Originally Posted by ShadowMom
What if the true meaning is that the way parents control children's play is the problem, not necessarily letting them play without parents around?
I think this is very likely true.
I, for one, haven't felt comfortable enough to send my children out to roam the neighborhood without me -- nor have they expressed a desire to do this.
My children are only slightly older than Monkey's mom's -- and of course the article's highlighting the 8-11 age group. This may be creating some misunderstanding -- I'm especially thinking of the current interchange between BrandiRhoades and Monkey's mom.
My oldest is 7, she'll be 8 in April -- and I do see some shift in how much she requires and wants my presence when she's playing with her friends. When she has friends over, they love to spend hours playing in her room, and they keep the door shut because our almost 3yo isn't quite at the stage of respecting other people's games and projects (meaning she's liable to tear stuff up, and knock stuff down, that's important to them).
Even though the door's shut, I do periodically pop in to check on them, offer snacks, etcetera. And sometimes they need a little help from me to resolve conflicts -- but they need me way less than they did a couple of years ago.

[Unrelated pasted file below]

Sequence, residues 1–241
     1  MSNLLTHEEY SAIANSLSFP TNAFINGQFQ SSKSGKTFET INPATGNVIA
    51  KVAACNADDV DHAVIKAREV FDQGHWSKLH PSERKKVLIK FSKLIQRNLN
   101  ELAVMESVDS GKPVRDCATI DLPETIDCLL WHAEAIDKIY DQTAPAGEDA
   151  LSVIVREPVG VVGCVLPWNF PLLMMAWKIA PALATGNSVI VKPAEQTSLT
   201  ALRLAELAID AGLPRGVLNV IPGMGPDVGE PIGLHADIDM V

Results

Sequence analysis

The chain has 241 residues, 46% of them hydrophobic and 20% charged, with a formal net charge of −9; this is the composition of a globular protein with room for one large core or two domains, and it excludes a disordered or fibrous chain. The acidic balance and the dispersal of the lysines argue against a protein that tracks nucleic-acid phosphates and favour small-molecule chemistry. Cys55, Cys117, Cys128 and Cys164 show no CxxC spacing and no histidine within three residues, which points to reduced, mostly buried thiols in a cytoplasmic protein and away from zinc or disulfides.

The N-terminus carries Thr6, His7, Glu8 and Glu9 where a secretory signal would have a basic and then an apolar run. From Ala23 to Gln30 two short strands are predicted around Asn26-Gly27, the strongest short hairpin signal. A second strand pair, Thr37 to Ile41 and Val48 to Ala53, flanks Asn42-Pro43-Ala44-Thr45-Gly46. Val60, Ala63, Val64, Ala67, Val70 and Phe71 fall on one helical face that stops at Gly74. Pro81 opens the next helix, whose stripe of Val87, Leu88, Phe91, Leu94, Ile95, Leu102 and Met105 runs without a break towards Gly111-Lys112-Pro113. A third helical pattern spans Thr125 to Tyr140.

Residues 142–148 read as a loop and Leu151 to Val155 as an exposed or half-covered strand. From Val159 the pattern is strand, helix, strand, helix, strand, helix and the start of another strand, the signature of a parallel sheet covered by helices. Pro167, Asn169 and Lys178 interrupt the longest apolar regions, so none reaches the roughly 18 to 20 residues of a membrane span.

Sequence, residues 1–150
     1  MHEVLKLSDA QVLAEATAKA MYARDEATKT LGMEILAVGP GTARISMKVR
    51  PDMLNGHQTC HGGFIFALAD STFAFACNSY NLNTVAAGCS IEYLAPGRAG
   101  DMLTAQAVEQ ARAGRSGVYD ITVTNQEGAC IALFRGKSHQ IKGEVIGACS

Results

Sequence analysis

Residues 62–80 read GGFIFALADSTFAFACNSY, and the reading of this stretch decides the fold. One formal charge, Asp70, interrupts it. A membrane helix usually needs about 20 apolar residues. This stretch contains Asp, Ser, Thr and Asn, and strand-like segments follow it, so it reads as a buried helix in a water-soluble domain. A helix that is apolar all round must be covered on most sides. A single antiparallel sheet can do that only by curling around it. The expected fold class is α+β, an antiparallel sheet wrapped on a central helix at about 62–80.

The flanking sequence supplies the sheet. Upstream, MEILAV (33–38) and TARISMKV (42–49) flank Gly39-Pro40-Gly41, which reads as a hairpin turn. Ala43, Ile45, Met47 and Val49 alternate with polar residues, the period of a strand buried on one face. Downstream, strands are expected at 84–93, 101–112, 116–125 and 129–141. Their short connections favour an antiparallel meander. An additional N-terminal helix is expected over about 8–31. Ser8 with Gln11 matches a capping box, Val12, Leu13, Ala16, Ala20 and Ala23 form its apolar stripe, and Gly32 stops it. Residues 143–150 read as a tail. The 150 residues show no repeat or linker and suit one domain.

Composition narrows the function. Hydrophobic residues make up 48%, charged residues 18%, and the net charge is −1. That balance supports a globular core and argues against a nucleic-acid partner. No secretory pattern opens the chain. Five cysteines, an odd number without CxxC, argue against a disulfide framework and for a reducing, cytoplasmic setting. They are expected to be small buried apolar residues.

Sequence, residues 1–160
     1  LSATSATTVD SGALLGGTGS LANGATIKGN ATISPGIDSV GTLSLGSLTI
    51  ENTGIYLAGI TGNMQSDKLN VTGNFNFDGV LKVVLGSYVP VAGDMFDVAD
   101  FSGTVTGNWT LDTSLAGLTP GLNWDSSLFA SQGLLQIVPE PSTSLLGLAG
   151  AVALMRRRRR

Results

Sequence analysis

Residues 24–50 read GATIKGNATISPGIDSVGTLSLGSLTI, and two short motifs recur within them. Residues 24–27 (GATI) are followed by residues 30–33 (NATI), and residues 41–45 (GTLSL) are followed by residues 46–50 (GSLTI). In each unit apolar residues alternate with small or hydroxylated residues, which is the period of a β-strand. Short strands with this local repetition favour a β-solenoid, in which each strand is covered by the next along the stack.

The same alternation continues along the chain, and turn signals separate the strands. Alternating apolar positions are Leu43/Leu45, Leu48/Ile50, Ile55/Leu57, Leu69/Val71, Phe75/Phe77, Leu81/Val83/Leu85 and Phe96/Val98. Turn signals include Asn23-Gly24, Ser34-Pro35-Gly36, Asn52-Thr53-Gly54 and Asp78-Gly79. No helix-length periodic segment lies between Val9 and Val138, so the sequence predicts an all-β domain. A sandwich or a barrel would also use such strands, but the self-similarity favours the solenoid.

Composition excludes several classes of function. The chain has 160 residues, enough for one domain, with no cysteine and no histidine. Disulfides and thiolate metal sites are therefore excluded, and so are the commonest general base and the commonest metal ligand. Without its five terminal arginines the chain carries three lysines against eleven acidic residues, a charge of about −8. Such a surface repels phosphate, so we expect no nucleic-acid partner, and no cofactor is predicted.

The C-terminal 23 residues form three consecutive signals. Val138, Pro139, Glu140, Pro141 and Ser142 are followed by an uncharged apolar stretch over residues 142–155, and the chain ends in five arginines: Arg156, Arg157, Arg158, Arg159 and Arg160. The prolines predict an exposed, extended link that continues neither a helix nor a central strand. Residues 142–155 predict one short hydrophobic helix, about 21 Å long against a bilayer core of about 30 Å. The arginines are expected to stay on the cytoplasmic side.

Dd no longer seems to feel a need or desire for me to "join in" when she's playing with her friends -- but of course when they're not here, we play together A LOT. So I don't exactly feel "dissed" or anything.
I'm sure that as dd grows, I'll be doing less "popping in" to her room when she has friends over. Right now, no one seems annoyed or overwhelmed by the extent of my involvement.
About the freedom to roam, I'm not sure how that'll work out for us. As I've said, there's currently no desire on the part of my children to leave home without me or their daddy with them. I think that in the past, most children "roamed" in groups.
For instance, the author of the article talked about how a group
of 9yo girls can totally dis a flasher. There was no mention about the difference between a group
seeing this kind of thing, and a lone 9yo
suddenly being faced with a man exposing himself.
I think those are two very different situations, and unfortunately, as people become more self-contained in their homes and disconnected from neighbors, and as scheduling increases, the latter scenario seems more likely than the former -- simply because it doesn't seem likely that my 8-11yo is going to be able to find a whole group of 8-11yo girls in our neighborhood, who are all going to be available at the same time, to go roaming en masse.
So it seems likely that our children will continue doing most of their branching out under dh's or my watchful eye. The key is for dh and me to learn the art of unobtrusive supervision. Sigh. They may never get to dis a flasher (but then I never got to, either -- not 'til I was 25 -- even though I got to do lots of roaming as a kid), but hopefully they'll still get plenty of opportunity for other kinds of skill-building.